Now I’m well aware that there are PLENTY of review posts targeting products that are using the old school SEO approach I initially talked about and they are getting rankings. However, if you’re using this strategy, it’s been weeks and the product review post has NOT been indexed yet, maybe it’s time for a change and this one might be the one to help you finally get that blog post indexed.

Note: If you are internally linking any of your blog posts to the one that isn’t indexed and you change the permalink, absolutely make sure to do one of two things:

A) Change the internal links of other blog posts so they’ll go to the new URL whose permalink you changed.

B) Use simple 301 redirects when adjusting the URLs, otherwise, you’ll get 404 errors and screw up your site.

Moving forward with new blog posts, post them using the new strategy I just outlined (permalink matches the new title) and see how that works out for you.

And once again, as soon as you change the permalink, inform Google through a URL inspection on search console.

3) Internally link to the blog posts that aren’t indexed:

Link juice is a huge aspect of the SEO game and one way to get Google spiders to crawl blog posts that are not yet indexed by Google is to internally link more of your other posts that are indexed to the one that isn’t.

For me, I have not noticed this strategy working all that way for indexing problems, but it’s still good SEO practice and CAN help especially if you have a post that gets traffic going to the one that isn’t indexed.

4) Socially share the blog posts that aren’t indexed:

socially share your blog posts to help with google indexing

This is standard practice for any blog posts, including those that are or aren’t indexed.

For me, I have several places I share my blog posts through:

  • For my Helping Hand Affiliate site, I share it on a Facebook Fan Page.
  • For my Nature Seeker travel blog, I will share it on places like: Keen, Pinterest and a Facebook Fan Page.

That extra exposure helps.

I would say that this practice has a low chance of fixing your indexing issues though unless you have a very popular social media page that gets viewers, so don’t rely too much on this strategy, but instead make it a part of your overall SEO game.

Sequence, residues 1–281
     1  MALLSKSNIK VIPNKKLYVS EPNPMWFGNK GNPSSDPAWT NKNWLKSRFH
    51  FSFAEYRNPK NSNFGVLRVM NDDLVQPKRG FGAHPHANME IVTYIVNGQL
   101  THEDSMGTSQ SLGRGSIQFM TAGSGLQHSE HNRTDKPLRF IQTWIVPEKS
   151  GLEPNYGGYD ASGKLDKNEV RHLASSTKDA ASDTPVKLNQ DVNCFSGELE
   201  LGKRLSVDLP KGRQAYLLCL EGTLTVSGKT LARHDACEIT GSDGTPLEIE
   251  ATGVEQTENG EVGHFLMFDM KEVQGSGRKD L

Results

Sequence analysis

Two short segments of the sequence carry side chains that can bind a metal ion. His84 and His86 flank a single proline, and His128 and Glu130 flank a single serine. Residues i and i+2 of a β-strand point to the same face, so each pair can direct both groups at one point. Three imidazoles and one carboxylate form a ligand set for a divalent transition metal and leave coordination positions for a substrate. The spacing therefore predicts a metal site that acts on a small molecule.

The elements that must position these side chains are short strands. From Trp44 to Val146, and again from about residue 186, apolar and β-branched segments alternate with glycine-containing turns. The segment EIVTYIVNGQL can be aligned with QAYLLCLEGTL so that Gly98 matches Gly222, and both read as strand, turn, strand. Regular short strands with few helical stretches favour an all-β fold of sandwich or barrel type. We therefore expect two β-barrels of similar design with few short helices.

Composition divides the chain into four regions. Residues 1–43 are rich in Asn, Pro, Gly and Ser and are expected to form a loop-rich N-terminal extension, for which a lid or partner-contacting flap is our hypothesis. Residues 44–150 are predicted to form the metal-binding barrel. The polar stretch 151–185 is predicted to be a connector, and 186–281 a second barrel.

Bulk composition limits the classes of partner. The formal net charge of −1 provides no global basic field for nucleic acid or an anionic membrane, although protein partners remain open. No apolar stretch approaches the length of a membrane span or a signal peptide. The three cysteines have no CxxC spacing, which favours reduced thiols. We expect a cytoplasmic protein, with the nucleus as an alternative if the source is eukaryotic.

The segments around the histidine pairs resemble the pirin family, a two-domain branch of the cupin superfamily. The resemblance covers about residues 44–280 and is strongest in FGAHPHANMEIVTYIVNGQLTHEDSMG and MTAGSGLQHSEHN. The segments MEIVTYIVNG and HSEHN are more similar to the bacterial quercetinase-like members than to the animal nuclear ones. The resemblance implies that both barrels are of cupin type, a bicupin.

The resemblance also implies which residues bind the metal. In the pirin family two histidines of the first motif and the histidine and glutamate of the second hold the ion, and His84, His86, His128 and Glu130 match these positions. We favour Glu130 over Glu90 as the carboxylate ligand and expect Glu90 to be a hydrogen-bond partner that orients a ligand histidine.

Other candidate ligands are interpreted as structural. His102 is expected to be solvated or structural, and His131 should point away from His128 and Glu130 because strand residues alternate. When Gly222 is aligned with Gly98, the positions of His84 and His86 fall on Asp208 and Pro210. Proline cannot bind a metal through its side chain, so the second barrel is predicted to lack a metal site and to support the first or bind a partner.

This strategy can be associated with backlinking, and in some ways it is, but just keep it on the back burner just in case.

I don’t want people to think that backlinking is the strongest way to get indexed on Google (it isn’t).

5) Stick to writing personalized content, not robotic content:

write engaging content on your blog

The more SEO evolves, the more this advice rings true folks. I see TOO many websites and bloggers trying to write content to make Google happy, vs writing natural content that speaks from the heart and to ACTUAL people who will read your content.

One of the wisest pieces of advice I’ve gotten from Kyle and Carson from Wealthy Affiliate is that Google’s algorithm is reflective of how people browse it’s search engine, view websites and is catered to it.

Let me give you an example of what “robotic content” looks like:

  • Blog title: MMO product review: Is it a scam?
  • Permalink: sitename.com/mmo-product-review
  • First paragraph: Welcome! You’re probably wondering if MMO product review is a scam. Well in this MMO product review post, I’ll tell you!

Folks, this is robotic content and the more you write like this, the more likely your rankings are in jeopardy (including indexing). And if not now and you’re riding that SEO wave of high rankings, sooner or later, it’ll happen (I’ve personally seen it and it’s happened to me).

Now compare that piece of content to this (personalized):

  • Blog title: MMO product review – 5 reasons I gave up on it.
  • Permalink: sitename.com/mmo-product-review-5-reasons-I-gave-up-on-it
  • First paragraph: I purchased MMO product with high hopes it would deliver on it’s promises and what I got was trash beyond my wildest dreams! Let me share the 5 reasons I gave up on MMO product in this review.

It may not be perfect, but it’s a hell of a lot more personalized and readable by HUMAN eyes than the previous one. Write more like this folks and be personal with your content. Personalized content just reads better.

If it reads better, it performs better for bounce rates and other factors Google looks at, which helps with rankings (and of course indexing).

I’ve seen numerous examples of blog posts getting ranked on page 1, position 1 of Google and one of the main things I’ve noticed is how personalized they are. When I read them, I feel like the person writing it is talking to me one on one. It’s no wonder such content indexes and ranks well.

It’s also one of the most important SEO trends to adhere to moving into 2022.

6) Use the Google URL inspection tool (but don’t abuse it):